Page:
Well, folks, I finally did it. After years of picking up scraps here and there through cultural osmosis, I have finally managed to catch up on Batman: the Animated Series. Yes sir, all four seasons and 114 episodes, counting the five crossovers with Superman: the Animated Series, which I have also seen – and it was good, too!
Most of you are probably already well familiar with B:tAS, given that it’s one of the most talked-about and beloved nerd series of all time. It’s not just a great cartoon, it’s also one of the most influential spin-offs of all time, with any number of original characters and character interpretations making their way back into the comics. Harley Quinn, the new version of Mr. Freeze, Lock-Up, Roxy Rocket, Renee Montoya – there’s lots of ‘em.
What struck me, though, was not how many characters had made it out, but how many hadn’t. To the series’ credit, it never leaned too heavily on Batman’s already-established rogues gallery, instead coming up with brand new (or functionally new, as with Freeze) antagonists whenever it seemed appropriate – and you know what? Most of them are really good. Sure, a number did make it back to comics, but there’s also a surprisingly long list of foes that haven’t, and in my opinion really should have by now, because they’re cool.
So why waste time talking about them, let’s shoot out our Bat-Ropes and soar into the night. Ladies and gentlemen, my Top Ten B:tAS Villains That Should Make It Into Comics! Continue reading
The history of live-action superhero adaptations has been largely dominated by movies – and small wonder; the accurate portrayal of such spectacular adventures can prove expensive stuff. Ever since George Reeves first made his appearance as Superman, however, it’s been a rare period when some such super-show isn’t knocking around the small screen. From recognized classics like Batman and Wonder Woman to farcical flops like Captain Nice, the genre has a long and varied history, and has been showing new life lately with shows like Smallville and the currently-running Arrow.
Inevitably though, some such shows do fall through the cracks, and that is where we come in, boys and girls. The spectrum ranges from duds with few defenders to genuine lost gems, ones that probably should be better known, but somehow aren’t. Ah, the sweet, sweet smell of cult.
One such show was The Flash, a victim of shuffling time-slots that lasted a single season, from 1990 to 1991. It’s since become one of those shows where either you’ve heard of it or you haven’t – and if you haven’t, you really haven’t. It’s pretty well-regarded amongst the former, though, and obscurity, my friends, is our bread and butter. And since there’s another Flash show that debuted not too long ago – well, what better reason to check out this older version first? Continue reading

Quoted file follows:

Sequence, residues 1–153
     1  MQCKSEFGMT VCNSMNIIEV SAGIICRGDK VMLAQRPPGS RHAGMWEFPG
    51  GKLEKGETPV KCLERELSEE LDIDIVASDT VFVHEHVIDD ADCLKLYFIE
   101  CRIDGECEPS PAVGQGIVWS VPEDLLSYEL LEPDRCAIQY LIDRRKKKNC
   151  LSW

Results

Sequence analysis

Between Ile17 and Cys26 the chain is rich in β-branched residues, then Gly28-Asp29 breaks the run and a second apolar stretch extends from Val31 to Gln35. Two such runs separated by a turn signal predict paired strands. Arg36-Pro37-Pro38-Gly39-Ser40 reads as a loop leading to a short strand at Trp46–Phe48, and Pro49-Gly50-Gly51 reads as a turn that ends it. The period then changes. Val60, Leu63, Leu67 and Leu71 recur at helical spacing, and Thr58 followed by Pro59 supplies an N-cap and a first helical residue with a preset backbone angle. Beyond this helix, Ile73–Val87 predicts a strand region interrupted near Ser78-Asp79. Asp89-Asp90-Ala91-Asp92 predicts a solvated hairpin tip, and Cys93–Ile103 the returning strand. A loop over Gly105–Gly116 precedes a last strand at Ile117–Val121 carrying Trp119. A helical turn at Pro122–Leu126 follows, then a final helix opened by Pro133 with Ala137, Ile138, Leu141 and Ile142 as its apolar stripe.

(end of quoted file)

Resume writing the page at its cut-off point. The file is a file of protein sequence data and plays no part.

Now, like most people, I have strong opinions about these films – all of them. And there are ones I like more than others – considerably more, in some cases. It’s worth remembering, though, that even the worst of them do have good moments, and even the best have bad ones. It puts things in perspective, you might say, because we fans really are an awfully opinionated bunch. We hand out ‘Best EVER’ and ‘Worst EVER’ buttons at the drop of a hat, whereas in reality that’s an awfully hard label to place. It would be more fruitful, perhaps, to take a look at what each film – or set of films – so far have gotten both right and wrong.
So with that in mind, I’ve decided to break the Batman movies down by director – Burton, Schumacher and Nolan – and make a list of what are, to my mind, the films’ ten best moments, and their ten worst. Three articles, twenty entries each. (I could, of course, make it two articles, since technically the Burton and Schumacher films are part of a single series, but really, the two directors’ styles have little to nothing to do with each other, and there’s almost no carry-over between their respective works. So I’m just going to treat them as separate duologies.)
Let us start, going in order, with the Burton films, ones near and dear to my heart – but not so near and dear that I can’t find a few juicy bits to gripe over. Ladies and gentlemen, bats and batesses, I give you my Top Ten Best and Worst Burton Bat-Moments! Continue reading
The Scoop: 1992 PG-13, directed by Tim Burton and starring Michael Keaton, Michael Gough, Danny DeVito, Christopher Walken and Michelle Pfeiffer.
Tagline: The Bat. The Cat. The Penguin.
Summary Capsule: Our boy Bats faces off against a latex-clad kitty-cat lady and a sewer-dwelling freak. (No, not a Ninja Turtle. Although that would be awesome.) Continue reading
A little variety here, as we move from our usual territory of straightforward superheroics into that of funny animals – and superheroics. Enjoy!
On a different note, I must regretfully inform you that this will be the last episode of WEGAF Reviews for a while, as a host of pestiferous computer problems have forced me to abandon production until I get them fixed. I’ve posted a Vlog on my YouTube channel explaining the situation in a bit more detail, if any of you are interested.
In the meantime, I have some of my more usual fare waiting in the wings, which I shall post in the weeks to come. I hope you have been enjoying the show so far, and my apologies for the interruption – I’ll get it up and running again as soon as I can.
Something a little more ambitious this time, folks – a Top Ten! Of course, I’ve done plenty of written Top Tens, but I upped the stakes for this one. Thrills! Chills! And for the first time in my internet career, an actual best-to-worst sort of Top Ten, instead of my usual list! Who – WHO is the number one heroine of the Golden Age? Watch and see!